Andrew is Associate General Counsel to Edge & Node, the initial team behind The Graph protocol, the indexing and query network of the decentralized internet. Previously, he was an Associate in national law firms, focusing on corporate law and data privacy, and in house to a major fintech corporation. Andrew has advised Ethereum-based decentralized finance projects associated with the Stanford Center for Blockchain Research, the Stanford Journal of Blockchain Law & Policy, and the NEAR Foundation. Andrew holds a J.D. from Temple Law School, where he was an Editor of the Temple Law Review, a B.S. in Applied Finance & Accounting from Fordham University, where he was a National Merit Scholar, and is a M.S. candidate in Computer Science at the Georgia Institute of Technology. During law school, he served with the Securities and Exchange Commission, the United States Department of Justice, and the Small Business Administration. Prior to law school, Andrew worked in the finance industry for a leading investment firm.
Technology Editor - Wassim Alsindi
Wassim is the founder and host of the 0x Salon, conducting experiments in post-disciplinary collective knowledge practices. The 0x Salon provides an informal space for unstructured discussions of unusual topics and collectively authors outputs based on those conversations. A veteran of the blockchain space, Wassim currently works on conceptual design and philosophy of cryptoeconomic systems at BlockScience, in addition to writing and editorial responsibilities for various publications. Previously, Wassim co-founded and edited the MIT Media Lab's interdisciplinary Cryptoeconomic Systems (CES) journal and chaired the CES'19 and CES'20 conferences on-campus. Prior to MIT, he was an independent researcher formulating novel approaches to the characterization of cryptographic assets and networks such as the regulatory epistemology project TokenSpace. Wassim has also curated avant-garde arts events, led a creative engineering laboratory and published open-source experimental electronic music. Originally with research specializations in the physical sciences, Wassim holds a PhD in ultrafast supramolecular photophysics from the University of Nottingham alongside degrees in chemistry, astrophysics and finance. More information about Wassim's work is available at: wassim.pubpub.org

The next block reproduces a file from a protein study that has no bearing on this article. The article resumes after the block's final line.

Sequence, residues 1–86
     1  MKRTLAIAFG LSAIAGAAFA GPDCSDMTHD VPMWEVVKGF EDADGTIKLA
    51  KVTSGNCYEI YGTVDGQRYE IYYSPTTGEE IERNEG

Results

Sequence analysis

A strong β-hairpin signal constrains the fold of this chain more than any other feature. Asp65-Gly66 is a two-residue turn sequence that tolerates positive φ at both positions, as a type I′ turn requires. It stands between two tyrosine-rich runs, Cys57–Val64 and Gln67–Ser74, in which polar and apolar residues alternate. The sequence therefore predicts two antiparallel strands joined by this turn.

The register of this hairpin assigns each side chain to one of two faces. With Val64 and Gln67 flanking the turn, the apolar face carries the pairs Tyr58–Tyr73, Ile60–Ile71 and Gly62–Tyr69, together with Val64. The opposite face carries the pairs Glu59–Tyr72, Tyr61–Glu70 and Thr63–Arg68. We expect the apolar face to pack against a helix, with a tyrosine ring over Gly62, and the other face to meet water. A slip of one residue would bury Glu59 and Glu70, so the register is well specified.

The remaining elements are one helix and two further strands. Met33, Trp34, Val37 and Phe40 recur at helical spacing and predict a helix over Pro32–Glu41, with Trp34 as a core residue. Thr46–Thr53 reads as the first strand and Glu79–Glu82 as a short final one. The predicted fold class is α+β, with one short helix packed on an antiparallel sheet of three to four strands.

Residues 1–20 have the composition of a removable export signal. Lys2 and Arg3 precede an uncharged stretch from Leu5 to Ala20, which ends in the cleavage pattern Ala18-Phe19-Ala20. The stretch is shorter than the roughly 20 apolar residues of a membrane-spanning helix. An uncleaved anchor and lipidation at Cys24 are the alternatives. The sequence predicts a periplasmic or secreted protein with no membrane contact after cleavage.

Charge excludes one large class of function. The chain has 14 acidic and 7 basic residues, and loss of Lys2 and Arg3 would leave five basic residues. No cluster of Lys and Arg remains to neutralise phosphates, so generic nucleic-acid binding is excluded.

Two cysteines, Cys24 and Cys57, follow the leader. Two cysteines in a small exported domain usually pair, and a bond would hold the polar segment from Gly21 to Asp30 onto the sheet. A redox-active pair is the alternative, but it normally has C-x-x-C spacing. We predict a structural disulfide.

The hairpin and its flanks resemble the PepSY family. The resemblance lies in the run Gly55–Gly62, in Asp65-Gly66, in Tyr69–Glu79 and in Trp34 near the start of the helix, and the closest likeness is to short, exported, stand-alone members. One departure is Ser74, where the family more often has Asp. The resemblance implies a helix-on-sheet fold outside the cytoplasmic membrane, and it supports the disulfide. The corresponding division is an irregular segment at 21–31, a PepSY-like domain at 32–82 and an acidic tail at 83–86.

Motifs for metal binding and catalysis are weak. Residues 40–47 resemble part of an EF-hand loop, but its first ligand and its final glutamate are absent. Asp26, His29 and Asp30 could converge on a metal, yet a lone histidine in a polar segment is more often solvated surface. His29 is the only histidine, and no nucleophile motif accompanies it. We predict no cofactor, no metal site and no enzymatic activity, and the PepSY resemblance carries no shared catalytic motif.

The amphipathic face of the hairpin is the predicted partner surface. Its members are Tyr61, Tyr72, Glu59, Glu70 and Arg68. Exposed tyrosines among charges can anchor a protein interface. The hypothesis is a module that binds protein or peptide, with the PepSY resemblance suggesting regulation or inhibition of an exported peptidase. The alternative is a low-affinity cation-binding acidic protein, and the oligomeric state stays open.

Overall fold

University of Copenhagen, Faculty of Law > Assistant Professor in Corporate Law & Lawyer
Baker Hostetler > Chief Information Officer
Crowell & Moring LLP > Partner
IBM > Lead Account Partner
Relativity > Discovery Counsel and Legal Education Director
Chicago Kent College of Law > Professor The Law Lab at Illinois Tech - Chicago Kent College of Law > Founder & Director
Harvard Legal Technologists Society > President
Program on Law & Innovation at Vanderbilt University Law School > Director of Innovation Design
General Electric > Chief Risk Officer
Berkman Klein Center for Internet & Society at Harvard University > Fellow hackylawyER > Founder
Ovid Research > Director of Clinical Relations
EY Law > Managing Director | Global Innovation and Technology Leader
Thomson Reuters Labs > VP, Americas
São Paulo Legal Hackers > Co-Organizer Legal Tech Code > Founder
Brooklyn Law and Innovation Policy Clinic > Founder and Director Brooklyn Law School > Professor
Loon, an Alphabet Company > Global Affairs Counsel Legal Hackers > Global Director
GNOSIS Ltd. > GC/CLO
IN+ Center for Innovation, Technology and Policy Research > Research Fellow Instituto Superio Técnico > Science and Technology Management
American Bar Association > Project Specialist Manager
Wake Forest University School of Law > Professor of Practice, Emerging Technologies
legal.io > Founder and Chairman CodeX Stanford Blockchain Group > Co-Chair
Diana Stern Stripe > Product Counsel Ms. JD > Vice Chair
Suffolk University Law School - Institute on Law Practice Technology & Innovation > Director Visiting Fellow > Yale Information Society Project